Friday, May 18, 2012

Mitt’s memory


Adolescents make stupid mistakes. Teenagers drive too fast. They put themselves in danger. They say unkind things and embarrass their friends. Often, they are things others don't forget.

Try as we might, we can't forget acts of true meanness. Directed at others, these are the acts that put our souls in danger. If we are extremely lucky, we get through teen years without anyone's noticing the meanness we are capable of and the pain we can inflict on others.

Republican presidential candidate Mitt Romney has not been extremely lucky. People noticed. A candidate for president enjoys no privacy, and Romney was found to have physically bullied a kid, someone that he and a group of bullies chased down, tackled and, while the boy screamed, cut off his hair.

The incident happened a long, long time ago. What did not happen a long time ago was Romney's response. When asked about it, he didn't man up. He said he can't remember, can't remember anything about it, except that he was certain that adolescent boys did not gossip about who was gay and who was not.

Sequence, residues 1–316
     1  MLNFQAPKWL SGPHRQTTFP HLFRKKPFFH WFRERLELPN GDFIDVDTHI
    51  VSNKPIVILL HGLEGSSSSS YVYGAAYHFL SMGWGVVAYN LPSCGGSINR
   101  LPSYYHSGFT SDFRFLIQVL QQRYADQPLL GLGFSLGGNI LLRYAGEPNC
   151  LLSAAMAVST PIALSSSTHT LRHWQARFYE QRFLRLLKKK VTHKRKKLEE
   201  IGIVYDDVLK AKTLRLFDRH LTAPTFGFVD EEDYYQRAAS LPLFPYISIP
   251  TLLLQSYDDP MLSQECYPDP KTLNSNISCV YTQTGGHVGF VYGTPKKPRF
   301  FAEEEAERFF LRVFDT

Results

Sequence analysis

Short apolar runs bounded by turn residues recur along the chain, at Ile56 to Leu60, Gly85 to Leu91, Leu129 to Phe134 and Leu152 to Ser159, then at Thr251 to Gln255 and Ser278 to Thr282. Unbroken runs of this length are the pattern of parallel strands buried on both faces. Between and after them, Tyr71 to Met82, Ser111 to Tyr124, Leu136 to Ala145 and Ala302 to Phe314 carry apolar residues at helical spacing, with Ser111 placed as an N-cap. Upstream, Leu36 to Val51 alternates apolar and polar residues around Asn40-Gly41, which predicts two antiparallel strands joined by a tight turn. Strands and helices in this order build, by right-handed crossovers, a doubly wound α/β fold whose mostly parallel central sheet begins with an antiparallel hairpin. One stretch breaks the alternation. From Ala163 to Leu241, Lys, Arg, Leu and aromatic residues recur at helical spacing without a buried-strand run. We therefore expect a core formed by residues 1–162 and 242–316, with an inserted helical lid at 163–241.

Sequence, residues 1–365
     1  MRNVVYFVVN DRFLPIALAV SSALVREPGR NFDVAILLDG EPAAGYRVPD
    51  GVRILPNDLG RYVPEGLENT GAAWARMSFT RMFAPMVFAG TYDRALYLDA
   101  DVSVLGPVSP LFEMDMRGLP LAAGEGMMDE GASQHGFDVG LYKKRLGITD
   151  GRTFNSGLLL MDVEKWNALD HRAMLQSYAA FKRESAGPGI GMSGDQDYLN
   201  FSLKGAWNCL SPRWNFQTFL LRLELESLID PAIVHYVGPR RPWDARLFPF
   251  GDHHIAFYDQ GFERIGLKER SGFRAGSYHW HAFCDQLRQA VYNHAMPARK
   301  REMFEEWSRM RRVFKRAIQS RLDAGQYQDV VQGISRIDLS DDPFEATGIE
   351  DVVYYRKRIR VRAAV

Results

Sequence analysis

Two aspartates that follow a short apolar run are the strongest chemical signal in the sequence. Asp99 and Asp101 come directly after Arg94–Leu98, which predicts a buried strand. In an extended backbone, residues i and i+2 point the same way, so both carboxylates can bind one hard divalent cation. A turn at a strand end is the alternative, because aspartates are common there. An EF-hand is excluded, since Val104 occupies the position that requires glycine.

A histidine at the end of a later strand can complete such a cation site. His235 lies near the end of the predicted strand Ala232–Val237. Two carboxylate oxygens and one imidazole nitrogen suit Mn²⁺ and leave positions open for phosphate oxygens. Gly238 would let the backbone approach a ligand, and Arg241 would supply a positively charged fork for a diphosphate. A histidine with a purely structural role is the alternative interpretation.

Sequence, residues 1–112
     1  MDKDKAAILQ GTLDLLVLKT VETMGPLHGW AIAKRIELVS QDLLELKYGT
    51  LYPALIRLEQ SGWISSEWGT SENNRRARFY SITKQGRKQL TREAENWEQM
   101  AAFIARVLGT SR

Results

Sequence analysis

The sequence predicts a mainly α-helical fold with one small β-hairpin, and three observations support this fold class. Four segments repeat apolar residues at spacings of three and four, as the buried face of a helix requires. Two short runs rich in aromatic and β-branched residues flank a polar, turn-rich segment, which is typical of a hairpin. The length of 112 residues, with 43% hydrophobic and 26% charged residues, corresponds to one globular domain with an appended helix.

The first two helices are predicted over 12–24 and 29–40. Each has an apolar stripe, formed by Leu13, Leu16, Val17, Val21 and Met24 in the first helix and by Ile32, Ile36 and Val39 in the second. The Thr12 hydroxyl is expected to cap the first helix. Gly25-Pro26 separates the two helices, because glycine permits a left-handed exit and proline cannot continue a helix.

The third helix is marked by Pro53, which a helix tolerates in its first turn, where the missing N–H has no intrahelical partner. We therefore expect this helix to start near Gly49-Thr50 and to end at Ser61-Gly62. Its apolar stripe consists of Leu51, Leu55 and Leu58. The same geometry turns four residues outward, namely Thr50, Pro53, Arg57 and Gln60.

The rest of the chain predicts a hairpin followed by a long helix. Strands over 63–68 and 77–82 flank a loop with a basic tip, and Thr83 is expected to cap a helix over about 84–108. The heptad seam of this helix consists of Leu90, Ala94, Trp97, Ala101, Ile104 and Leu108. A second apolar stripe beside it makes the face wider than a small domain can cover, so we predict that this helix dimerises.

Reading all if this leaves us with two questions about Romney. Is he having memory problems? Does he have a moral problem? Clearly he is blessed with a selective memory and that explains all the flip-flops.

A woman's right to choose? That had something to do with Massachusetts. Stem cell research? Well, yes and no. Saving General Motors? Oh, he did it—at least that's how he remembers it. But bullying? Not Romney.

But the kids who were themselves bullied, kids without selective memory, will remember. On Election Day, you can bet they will remember.




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